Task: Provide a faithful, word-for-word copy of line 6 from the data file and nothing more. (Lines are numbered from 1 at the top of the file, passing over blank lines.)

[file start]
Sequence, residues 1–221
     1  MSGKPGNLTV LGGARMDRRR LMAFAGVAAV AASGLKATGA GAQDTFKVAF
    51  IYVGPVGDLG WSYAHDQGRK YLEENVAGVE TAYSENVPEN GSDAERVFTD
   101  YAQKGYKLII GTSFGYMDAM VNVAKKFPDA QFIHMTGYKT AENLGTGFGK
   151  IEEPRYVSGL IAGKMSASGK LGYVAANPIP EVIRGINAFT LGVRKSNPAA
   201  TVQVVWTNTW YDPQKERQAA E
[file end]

   201  TVQVVWTNTW YDPQKERQAA E